If anything like what is happening here in Minnesota and what happened in California happens there it will be anything but 'a healthy debate'. It will be vicious, dirty and vile with name calling from both sides. When it's done friends, neighbors and family members will no longer be on speaking terms no matter how it turns out.

    September 13, 2011 at 11:05 pm | Report abuse |
    • leeintulsa

      @tsg: no doubt. Government should stay out of private lives.

      September 13, 2011 at 11:09 pm | Report abuse |
  15. Colin

    10 Reasons Why Gay Marriage is Wrong

    01) Gay marriage will encourage straight people to be gay, in the same way that hanging around tall people will make short people tall.

    02) Legalizing gay marriage will open the door to all kinds of crazy behavior. People may even wish to marry their pets, because gays marrying will alter the fundamental $ex drive of others.

    03) Straight marriage has been around a long time and hasn't changed at all; women are still property, blacks still can't marry whites, and divorce is still illegal.

    04) Straight marriage will be less meaningful if gay marriage were allowed. My parents in Texas ran screaming to the court to get a divorce, the minute they heard that a gay couple married in Vermont.

    05) Straight marriages are valid because they produce children. Gay couples, infertile couples, and old people shouldn't be allowed to marry because our orphanages aren't full yet, and the world needs more children.

    06) Obviously gay parents will raise gay children, since straight parents only raise straight children.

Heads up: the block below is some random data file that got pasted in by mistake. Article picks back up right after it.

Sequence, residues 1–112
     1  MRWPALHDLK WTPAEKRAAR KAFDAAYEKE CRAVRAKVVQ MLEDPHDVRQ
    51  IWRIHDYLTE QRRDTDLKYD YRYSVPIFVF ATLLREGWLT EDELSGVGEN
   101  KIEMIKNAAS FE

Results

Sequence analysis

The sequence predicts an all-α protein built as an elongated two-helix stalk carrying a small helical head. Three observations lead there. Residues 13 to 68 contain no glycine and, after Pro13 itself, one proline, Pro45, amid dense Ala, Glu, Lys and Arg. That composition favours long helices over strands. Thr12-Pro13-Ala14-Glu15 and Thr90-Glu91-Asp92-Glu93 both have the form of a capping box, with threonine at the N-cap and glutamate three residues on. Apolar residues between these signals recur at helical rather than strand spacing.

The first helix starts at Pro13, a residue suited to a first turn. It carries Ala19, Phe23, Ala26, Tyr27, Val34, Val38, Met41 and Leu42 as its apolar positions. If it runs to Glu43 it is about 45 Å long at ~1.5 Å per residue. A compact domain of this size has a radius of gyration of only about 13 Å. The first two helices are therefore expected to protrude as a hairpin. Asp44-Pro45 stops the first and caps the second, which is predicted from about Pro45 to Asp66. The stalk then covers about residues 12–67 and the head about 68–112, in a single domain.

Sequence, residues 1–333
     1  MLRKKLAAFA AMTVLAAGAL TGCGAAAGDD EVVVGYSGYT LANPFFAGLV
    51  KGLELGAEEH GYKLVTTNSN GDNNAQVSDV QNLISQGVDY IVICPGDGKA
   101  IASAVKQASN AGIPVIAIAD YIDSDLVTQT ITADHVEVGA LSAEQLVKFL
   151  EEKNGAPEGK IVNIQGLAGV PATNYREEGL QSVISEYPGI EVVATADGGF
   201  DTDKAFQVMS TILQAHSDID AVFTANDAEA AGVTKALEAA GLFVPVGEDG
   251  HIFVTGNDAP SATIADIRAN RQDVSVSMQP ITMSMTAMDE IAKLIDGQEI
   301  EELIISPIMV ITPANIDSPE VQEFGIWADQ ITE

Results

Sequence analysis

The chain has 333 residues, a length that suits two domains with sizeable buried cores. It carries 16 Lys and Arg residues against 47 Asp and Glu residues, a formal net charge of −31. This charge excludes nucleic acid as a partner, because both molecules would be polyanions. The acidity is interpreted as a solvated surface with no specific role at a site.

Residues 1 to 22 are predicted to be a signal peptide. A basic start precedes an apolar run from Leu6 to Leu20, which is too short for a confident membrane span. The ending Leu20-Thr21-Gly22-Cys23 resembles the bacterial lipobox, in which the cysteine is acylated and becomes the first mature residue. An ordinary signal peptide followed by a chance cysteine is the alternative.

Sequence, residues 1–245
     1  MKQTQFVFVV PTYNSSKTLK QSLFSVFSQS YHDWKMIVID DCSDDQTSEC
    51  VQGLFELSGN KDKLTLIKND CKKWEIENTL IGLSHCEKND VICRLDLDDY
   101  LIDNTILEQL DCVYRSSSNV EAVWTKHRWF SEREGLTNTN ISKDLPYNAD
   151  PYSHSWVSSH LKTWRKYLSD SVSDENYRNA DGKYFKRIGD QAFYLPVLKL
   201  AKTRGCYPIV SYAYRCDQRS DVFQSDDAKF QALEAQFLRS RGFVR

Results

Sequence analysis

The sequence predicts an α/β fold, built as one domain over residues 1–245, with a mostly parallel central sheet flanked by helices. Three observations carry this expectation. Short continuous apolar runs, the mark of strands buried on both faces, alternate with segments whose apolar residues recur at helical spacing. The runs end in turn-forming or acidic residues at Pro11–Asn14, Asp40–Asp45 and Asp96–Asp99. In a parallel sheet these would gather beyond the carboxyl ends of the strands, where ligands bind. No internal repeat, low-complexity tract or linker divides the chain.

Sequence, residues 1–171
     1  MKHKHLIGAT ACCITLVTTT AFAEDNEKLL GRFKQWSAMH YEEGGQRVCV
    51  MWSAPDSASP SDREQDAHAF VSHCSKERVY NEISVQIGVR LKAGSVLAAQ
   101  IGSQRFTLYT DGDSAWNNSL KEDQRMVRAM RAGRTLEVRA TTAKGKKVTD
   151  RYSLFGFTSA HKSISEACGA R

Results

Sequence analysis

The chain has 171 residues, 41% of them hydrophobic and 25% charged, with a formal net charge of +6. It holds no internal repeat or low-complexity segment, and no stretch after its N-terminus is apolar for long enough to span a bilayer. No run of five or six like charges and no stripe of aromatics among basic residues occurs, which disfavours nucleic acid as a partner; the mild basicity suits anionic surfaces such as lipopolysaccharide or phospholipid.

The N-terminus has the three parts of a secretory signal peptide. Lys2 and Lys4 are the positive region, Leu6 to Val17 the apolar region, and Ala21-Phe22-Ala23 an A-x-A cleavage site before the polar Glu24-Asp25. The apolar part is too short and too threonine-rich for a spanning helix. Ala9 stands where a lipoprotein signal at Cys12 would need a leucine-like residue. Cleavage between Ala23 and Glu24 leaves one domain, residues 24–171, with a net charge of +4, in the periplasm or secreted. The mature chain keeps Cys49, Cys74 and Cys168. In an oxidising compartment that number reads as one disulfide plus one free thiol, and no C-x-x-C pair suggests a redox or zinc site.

07) Gay marriage is not supported by religion. We really want people who, in the 21st Century, still believe in sky-gods and evil ground-devils, based on 2,000 year old Palestinian mythology, setting social policy.

    08) Children can never succeed without a male and a female role model at home. That's why we as a society expressly forbid single parents to raise children.

    09) Gay marriage will change the foundation of society; we could never adapt to new social norms. Just like we haven't adapted to cars, the service-sector economy, or longer life spans.

    10) It will lead to social disorder. I constantly hear of large groups of gays protesting against the rights of Christians to marry and committing acts of violence against Christians.

    September 13, 2011 at 11:07 pm | Report abuse |
    • LivingInNC

      You win for awesome post. 🙂

      September 13, 2011 at 11:12 pm | Report abuse |
    • Observer

      Excellent piece.

      Sadly, the h0mophobic population won't understand it.

      September 13, 2011 at 11:13 pm | Report abuse |